Another good resource is to search for 'tiny house' or 'tiny home' then consume video. I do this just to get great ideas on how to save space, build better, build greener, cheaper, etc. "the movement" for better or worse, really has opened up a lot of opportunity in free flowing information and cultural acceptance.

On the subject, I have an expense list. This is a dangerous thing, because you don't want to really feel a "financial burden" that makes it feel impossible. But you should know what your bus is going to cost to build over the span of time you have. also this helps you find your priorities. Maybe an extra month or two is worth waiting to 'finish' if you really have that one item that's essential to your home, but ultimately out of your cost range for your time span. I find myself teetering on this line all the time.

Since you don't have a bus yet, i'll show you where I got mine. It was a relatively good experience.

http://ncschoolbussales.dpi.state.nc.us/

A good rule of thumb that I saw somewhere; if you're building every day full time, it will take roughly three months to complete a tiny house.

I only have weekends, but i get 3 days. So I figured in 6 months, 24 weekends, or 72 days that I can work.
Made a list of major projects, EG: Grind floor pan and bondo holes, Remove stop sign, patch holes, (reinstall?), etc.
Then I started assigning little projects to different days of the weekend, Now i never think "man, what should I do today" then end up wasting a day shopping for parts or whatnot, I can shop at work or other downtime, then have everything I need waiting and ready for my project(s) at the end of the week... Come visit my thread in a few weeks to see how it's working out.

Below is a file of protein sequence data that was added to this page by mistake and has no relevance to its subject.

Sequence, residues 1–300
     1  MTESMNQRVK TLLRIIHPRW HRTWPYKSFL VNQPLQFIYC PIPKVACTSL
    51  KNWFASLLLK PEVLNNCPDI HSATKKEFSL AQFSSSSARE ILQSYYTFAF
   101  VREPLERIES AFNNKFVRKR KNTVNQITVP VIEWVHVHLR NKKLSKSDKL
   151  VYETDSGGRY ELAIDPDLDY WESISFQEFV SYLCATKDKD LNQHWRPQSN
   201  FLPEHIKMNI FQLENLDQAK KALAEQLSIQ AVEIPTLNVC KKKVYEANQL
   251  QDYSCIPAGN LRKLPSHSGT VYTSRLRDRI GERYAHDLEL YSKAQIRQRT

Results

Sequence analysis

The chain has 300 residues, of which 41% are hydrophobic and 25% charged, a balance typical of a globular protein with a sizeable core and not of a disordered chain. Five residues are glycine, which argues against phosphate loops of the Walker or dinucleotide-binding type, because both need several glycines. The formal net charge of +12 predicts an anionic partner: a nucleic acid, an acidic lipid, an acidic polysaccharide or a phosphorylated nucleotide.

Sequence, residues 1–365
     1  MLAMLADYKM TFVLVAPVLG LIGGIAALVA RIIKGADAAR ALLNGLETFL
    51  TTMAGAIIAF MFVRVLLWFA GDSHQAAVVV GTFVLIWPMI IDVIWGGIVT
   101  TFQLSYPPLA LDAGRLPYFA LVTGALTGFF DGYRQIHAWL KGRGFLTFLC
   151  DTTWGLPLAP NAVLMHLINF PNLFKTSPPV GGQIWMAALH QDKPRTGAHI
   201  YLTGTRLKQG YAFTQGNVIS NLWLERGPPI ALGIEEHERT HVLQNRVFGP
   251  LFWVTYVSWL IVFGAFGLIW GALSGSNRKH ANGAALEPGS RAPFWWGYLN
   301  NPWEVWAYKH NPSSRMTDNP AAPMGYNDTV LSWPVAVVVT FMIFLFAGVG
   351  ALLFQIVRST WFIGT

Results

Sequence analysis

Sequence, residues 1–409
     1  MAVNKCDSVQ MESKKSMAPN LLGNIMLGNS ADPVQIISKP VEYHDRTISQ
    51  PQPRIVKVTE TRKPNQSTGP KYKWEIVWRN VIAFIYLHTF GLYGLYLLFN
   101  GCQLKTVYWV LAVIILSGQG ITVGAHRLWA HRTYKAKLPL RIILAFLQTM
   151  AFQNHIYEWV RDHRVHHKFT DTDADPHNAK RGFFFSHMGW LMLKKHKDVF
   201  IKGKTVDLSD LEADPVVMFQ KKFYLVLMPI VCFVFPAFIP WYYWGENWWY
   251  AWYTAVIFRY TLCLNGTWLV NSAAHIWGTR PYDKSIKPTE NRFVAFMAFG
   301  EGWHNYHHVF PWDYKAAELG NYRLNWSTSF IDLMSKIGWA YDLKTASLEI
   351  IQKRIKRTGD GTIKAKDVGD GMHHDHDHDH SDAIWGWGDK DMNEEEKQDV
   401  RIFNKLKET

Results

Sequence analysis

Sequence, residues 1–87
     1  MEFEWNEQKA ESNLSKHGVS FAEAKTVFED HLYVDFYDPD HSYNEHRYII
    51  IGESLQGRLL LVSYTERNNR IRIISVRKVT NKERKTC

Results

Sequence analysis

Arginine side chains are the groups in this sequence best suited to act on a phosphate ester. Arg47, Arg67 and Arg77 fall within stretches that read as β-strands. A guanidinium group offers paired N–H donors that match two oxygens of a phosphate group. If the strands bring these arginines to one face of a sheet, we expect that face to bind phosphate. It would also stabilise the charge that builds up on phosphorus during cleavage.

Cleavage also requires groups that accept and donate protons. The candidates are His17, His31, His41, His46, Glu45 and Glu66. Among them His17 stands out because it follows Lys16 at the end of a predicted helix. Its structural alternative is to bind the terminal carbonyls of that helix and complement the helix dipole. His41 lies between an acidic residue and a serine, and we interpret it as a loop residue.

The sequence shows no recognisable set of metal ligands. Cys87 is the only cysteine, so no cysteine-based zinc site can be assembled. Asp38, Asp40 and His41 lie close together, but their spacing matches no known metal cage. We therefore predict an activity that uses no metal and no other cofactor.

(EDIT: just so you know, I feel this is a tight schedule for my goals and income, I will be doing almost nothing else until it's completed.)

Hope this information helps your process.
Most importantly, have fun building!
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Old 12-18-2014, 11:28 AM   #7
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Re: We don't know what we are doing, but we are doing it any

Quote:
Originally Posted by HolyBus
As Norm Abram always says,
"Before we use any power tools, let's take a moment to talk about shop safety. Be sure to read, understand, and follow all the safety rules that come with your power tools. Knowing how to use your power tools properly will greatly reduce the risk of personal injury. And remember this: there is no more important safety rule than to wear these safety glasses." - "And also hearing protection when necessary."
Glasses always, goggles when appropriate, hearing protection too as said.

I have vision in one eye only so what's left is even more precious. Work smart. Beer after the day's work is smart.
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Old 12-18-2014, 12:05 PM   #8
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Re: We don't know what we are doing, but we are doing it any

I drink a beer or two while I'm working on mine. Goggles are best for actual eye protection. Over twelve years in fabrication work taught me that glasses are just ok. Crap always somehow gets right around the glasses if doing any kind of real work.
Gloves are absolutely a necessity as well.
But enough of the Hank Hill stuff.
I think, other than beer, some music can really make working long hours in the bus much more enjoyable. I like EVERY genre but Iron Maiden seems to be really good "bus demo" music so far!
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Old 12-18-2014, 06:41 PM   #9
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Re: We don't know what we are doing, but we are doing it any

Quote:
Originally Posted by EastCoastCB
I drink a beer or two while I'm working on mine. Goggles are best for actual eye protection. Over twelve years in fabrication work taught me that glasses are just ok. Crap always somehow gets right around the glasses if doing any kind of real work.
Second. I was wearing saftey glasses with side gaurds still got metal on my eye & had to have toe Doctor numb my eye & use a mellon baller to scoop it out
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Old 12-19-2014, 06:59 AM   #10
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Originally Posted by allwthrrider View Post
Second. I was wearing saftey glasses with side gaurds still got metal on my eye & had to have toe Doctor numb my eye & use a mellon baller to scoop it out
What you talking about Willis?

A toe doc to work on eyes.....